2. Last November the generous citizens of Santa Monica imposed a ¼ percent sales tax increase which, combined with the affordable housing fees charged to new projects and possibly the late Redevelopment Agency’s loan repayments, will generate somewhere on the order of $16 million per year. This translates to about 32 units a year or 416 units till 2030. While the amount of money that is available fluctuates depending on the funding source, approximately half of the funds will be generated by the sales tax which is relatively stable each year and will continue to increase with inflation. All the funds thus earmarked for affordable housing provide fully affordable units as opposed to the relatively small number of affordable units that are required by the City’s affordable housing regulations in a typical market rate project. Note all these affordable units can be downtown or anywhere land becomes available.

With these three game changers, we will have over the next 13 years, realistically, about 2236 units in the pipeline. This already represents about 90 percent of the 2,500 units that were supposed to be produced downtown. In short, we are very close to meeting our regional housing goals and can look at our downtown differently than we originally did years ago when the Downtown Plan process started. Some may argue that the need for more housing is so great that even if we are already close to our regional goals, we should still produce as much as we can. The problem with this is that we cannot build our way to affordability. The end result would be to simply fill the downtown with more expensive units that would crush our already impacted downtown, endangering our sustainability goals and not really increasing the affordability for a full range of residents. In short the problem we face is not the number of units produced, but how many of them we can make truly affordable. Now any prediction spanning 13 years is subject to substantial volatility, so we can always debate the accuracy of any specific number, however the important thing is that their order of magnitude has significantly changed before the Plan is adopted so we have time to adjust it accordingly.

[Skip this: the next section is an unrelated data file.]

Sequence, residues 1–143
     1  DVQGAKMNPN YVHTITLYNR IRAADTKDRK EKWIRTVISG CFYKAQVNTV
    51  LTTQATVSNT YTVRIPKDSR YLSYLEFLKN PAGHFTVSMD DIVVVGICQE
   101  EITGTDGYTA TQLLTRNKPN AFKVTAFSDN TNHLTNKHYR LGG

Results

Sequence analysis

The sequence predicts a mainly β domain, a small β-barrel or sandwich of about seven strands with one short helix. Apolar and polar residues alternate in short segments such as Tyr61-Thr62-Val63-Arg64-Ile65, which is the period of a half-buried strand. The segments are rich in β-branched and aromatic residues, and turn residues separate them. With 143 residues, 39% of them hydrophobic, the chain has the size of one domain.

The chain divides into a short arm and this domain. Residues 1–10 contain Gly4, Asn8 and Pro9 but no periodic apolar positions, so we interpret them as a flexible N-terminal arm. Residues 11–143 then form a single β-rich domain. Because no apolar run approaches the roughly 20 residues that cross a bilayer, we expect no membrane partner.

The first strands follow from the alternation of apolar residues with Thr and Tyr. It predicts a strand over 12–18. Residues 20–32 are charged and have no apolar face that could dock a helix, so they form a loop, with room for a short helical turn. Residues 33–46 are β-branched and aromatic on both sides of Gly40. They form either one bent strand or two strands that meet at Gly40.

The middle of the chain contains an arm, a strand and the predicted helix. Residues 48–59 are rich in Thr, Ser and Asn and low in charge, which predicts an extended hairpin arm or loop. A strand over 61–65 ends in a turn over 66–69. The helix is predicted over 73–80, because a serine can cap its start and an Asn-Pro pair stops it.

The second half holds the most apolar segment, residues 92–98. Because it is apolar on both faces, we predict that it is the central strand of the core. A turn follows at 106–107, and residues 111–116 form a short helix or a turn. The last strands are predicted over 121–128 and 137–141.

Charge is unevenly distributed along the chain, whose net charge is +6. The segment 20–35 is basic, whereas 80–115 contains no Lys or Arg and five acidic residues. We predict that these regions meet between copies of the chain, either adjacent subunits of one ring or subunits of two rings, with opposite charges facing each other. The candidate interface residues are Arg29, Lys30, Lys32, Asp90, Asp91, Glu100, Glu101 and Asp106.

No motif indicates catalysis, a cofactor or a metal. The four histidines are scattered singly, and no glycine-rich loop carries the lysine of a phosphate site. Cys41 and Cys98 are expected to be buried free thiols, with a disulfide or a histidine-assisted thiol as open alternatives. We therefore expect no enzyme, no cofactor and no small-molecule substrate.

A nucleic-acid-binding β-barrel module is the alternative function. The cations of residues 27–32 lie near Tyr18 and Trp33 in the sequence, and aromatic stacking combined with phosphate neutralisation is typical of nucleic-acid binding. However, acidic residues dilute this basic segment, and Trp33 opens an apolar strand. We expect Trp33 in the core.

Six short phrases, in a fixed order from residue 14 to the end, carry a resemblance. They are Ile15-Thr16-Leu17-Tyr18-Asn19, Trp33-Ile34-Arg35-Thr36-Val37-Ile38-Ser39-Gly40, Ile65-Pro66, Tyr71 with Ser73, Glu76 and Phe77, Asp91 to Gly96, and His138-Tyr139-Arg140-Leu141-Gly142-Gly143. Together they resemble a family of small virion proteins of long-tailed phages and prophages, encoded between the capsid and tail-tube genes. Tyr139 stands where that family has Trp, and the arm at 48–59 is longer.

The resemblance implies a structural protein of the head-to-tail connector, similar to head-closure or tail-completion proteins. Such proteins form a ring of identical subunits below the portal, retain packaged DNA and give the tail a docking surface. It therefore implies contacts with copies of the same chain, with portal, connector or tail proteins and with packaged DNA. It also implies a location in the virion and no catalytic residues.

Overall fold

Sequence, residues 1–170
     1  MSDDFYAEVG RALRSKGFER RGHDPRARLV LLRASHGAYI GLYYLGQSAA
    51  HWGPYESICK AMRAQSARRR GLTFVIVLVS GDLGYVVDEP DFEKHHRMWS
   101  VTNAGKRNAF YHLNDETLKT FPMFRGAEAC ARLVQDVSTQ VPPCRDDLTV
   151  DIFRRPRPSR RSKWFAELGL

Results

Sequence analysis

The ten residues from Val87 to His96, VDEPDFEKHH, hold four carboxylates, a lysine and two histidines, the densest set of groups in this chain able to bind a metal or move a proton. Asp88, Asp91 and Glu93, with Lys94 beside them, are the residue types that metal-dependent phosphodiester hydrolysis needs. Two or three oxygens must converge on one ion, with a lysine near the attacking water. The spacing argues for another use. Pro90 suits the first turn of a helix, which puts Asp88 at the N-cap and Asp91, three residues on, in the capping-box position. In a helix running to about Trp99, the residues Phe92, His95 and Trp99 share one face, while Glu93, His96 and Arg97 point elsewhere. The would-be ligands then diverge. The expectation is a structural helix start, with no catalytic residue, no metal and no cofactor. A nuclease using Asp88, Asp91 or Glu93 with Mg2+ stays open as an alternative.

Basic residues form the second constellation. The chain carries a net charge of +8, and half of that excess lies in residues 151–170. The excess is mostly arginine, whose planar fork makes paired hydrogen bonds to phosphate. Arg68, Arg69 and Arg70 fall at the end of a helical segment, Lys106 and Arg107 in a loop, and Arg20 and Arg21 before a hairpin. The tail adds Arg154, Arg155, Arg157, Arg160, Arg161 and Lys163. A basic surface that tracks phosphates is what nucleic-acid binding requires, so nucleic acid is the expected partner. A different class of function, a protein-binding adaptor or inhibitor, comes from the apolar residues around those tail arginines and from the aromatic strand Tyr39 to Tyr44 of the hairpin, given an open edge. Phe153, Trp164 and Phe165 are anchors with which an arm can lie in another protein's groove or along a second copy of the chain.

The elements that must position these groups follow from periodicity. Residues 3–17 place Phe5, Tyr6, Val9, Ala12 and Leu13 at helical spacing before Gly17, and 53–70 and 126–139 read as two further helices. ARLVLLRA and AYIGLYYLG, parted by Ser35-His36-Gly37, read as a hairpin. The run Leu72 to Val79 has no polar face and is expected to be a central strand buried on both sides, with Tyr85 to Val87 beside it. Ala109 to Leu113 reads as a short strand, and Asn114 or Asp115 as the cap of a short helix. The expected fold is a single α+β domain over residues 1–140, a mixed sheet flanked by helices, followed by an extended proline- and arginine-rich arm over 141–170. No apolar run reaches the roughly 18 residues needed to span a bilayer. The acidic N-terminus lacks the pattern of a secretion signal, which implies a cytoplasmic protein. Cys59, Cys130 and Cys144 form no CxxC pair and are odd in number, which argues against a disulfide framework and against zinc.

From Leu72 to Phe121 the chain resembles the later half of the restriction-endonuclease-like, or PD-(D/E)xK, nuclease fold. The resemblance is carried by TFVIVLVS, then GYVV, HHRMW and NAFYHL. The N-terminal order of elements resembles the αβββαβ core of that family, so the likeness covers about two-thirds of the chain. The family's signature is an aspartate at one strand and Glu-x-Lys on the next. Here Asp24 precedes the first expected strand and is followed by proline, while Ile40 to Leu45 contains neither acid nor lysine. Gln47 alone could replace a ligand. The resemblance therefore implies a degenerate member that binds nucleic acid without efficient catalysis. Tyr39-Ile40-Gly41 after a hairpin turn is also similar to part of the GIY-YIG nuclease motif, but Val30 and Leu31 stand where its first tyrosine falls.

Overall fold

The path to affordability can be spread out over the whole city with ADUs and the sales tax increase rather than just piled on to the downtown. This means the Downtown Plan can be freed from the shackles of just optimizing for housing numbers. Other important goals can now be considered. For example we could easily reduce the allowed building heights by 10’ to create much more sustainable and resilient buildings, and more spacious appearing, safe and gracious streets. We could thus keep and enhance our downtown’s uniqueness while still meeting all our important housing goals. With such small shifts, we could make the Downtown Plan a truly great plan and not just a machine for housing production.

by SM.a.r.t. Santa Monica architects for a responsible tomorrow. Robert H. Taylor AIA, Mario Fonda-Bonardi AIA planning Commissioner , Ron Goldman FAIA, Daniel Jansenson Architect, Thane Roberts AIA, Architect, Samuel Tolkin AIA, Phil Brock, Santa Monica Arts Commission.